Recruiters that use our i-intro® strategy, for example (that includes Behavioural Assessments), can point to a high level of retention for their placements, something employers value highly.

During the pitching process, much can be made of the pain employers experience when a new hire doesn’t work out. Introducing Behavioural Assessments as a way to ease that pain by minimising the risk of a bad hire is a powerful way to enhance your pitch.

How Do Recruiters Use Behavioural Assessments?

Typically, shortlisted candidates will be asked to complete an online questionnaire. The results can then be compared to the client’s requirements and used as part of the decision-making process around who to shortlist, who to call to interview and, ultimately, who to hire.

It can be helpful for a recruiter who is new to Behavioural Assessments to complete a short training course that teaches them how to properly interpret the results (Behavioural Assessment training is included in our Retainer Recruiter Academy program – CLICK HERE for more information).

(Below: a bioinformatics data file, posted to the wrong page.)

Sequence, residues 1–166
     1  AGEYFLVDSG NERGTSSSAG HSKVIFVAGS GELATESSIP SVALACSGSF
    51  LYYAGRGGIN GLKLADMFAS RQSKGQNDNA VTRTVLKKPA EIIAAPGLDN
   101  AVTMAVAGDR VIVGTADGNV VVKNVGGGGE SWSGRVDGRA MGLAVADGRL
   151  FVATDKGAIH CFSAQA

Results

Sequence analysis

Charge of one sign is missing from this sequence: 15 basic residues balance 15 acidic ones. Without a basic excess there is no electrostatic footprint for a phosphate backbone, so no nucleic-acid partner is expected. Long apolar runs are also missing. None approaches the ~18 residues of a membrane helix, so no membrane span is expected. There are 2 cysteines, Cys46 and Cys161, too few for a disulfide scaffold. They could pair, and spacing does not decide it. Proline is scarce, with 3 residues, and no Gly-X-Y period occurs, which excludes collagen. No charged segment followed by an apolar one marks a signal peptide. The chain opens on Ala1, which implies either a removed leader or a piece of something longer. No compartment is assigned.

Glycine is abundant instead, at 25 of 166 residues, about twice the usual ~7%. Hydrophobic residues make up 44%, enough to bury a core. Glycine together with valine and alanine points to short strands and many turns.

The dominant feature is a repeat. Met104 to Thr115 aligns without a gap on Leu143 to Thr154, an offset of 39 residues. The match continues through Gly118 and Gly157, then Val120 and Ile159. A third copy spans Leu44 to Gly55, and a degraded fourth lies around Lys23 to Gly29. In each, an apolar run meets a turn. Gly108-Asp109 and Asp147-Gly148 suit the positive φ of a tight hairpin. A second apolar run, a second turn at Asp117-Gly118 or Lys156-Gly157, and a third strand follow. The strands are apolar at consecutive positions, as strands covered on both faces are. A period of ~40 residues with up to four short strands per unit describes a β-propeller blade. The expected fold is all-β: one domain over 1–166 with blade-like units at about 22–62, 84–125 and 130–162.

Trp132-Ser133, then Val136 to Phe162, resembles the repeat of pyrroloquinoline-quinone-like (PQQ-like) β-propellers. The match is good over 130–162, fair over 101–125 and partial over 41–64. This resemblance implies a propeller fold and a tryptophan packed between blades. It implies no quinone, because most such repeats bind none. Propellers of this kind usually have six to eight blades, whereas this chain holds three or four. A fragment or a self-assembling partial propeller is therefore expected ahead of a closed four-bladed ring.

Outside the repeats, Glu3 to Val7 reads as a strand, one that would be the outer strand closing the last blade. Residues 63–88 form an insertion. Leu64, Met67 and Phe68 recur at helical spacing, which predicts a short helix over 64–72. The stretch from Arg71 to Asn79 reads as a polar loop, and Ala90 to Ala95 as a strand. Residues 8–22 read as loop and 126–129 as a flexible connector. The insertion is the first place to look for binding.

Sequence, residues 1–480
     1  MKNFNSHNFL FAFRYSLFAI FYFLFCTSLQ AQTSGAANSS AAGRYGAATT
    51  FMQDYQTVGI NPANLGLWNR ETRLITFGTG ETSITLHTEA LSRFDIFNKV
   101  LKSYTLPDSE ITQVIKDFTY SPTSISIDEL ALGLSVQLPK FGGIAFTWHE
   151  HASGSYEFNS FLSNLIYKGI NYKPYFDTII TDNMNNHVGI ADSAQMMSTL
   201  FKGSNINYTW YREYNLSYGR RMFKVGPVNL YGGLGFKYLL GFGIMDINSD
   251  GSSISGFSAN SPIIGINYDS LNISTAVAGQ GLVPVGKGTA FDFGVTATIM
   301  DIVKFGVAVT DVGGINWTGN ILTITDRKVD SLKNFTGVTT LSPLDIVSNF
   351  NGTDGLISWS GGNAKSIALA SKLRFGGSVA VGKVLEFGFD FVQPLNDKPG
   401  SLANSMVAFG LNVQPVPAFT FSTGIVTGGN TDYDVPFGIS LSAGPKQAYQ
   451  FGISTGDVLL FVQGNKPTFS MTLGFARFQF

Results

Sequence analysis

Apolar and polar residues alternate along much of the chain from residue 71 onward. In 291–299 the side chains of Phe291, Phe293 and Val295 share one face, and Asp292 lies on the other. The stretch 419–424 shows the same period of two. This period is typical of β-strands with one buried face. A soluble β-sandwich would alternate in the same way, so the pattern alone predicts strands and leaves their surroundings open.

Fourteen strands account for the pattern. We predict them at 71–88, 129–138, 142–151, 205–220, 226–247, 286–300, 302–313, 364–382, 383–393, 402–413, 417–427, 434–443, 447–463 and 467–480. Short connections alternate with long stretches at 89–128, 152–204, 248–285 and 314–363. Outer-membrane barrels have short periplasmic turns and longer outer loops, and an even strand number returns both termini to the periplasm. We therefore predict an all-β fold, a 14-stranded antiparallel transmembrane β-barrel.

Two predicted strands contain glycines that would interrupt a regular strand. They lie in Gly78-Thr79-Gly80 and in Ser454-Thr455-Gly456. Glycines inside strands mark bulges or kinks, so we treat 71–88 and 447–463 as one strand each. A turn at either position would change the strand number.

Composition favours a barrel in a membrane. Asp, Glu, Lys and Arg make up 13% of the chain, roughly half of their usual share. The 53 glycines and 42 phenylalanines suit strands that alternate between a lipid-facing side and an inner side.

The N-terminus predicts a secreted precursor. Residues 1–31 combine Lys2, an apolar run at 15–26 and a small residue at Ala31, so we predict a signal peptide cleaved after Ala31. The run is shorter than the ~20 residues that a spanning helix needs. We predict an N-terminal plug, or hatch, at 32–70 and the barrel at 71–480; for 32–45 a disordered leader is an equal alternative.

Is There a Wrong Way to Use Behavioural Assessments?

The most common mistake we see in the use of Behavioural Assessments in recruitment is leaving them until too late in the process, sometimes at the point just before an employment offer is made.

Behavioural Assessments are best utilised as soon as the shortlist is assembled. This allows you to compare candidates with similar experience and skill-sets. At the very latest, the Behavioural Assessment should precede the face-to-face interview. This allows the employer to identify potential problem areas and address them with the candidate during the interview.

Another common mistake is to place too much weight on the Behavioural Assessment when making a hiring decision. Behavioural Assessments provide valuable data but should not be relied on in isolation. It may be, for instance, that a candidate is not a perfect fit from a behavioural perspective, but can be accommodated by making adjustments to how that individual is trained and managed.

What’s the Most Effective Method for Behavioural Assessments in Recruitment?

We’ve tried a number of approaches, and by far the most effective use of Behavioural Assessments is to invite the employer to survey some people in their own business so the results can be used as a benchmark for assessing candidates.

Identifying candidates that are a close match for existing people in the employer’s business is an effective way to place people who will fit easily into the existing culture of the firm. 

But at the very least, the desired behavioural qualities should be discussed and decided upon BEFORE inviting candidates to participate.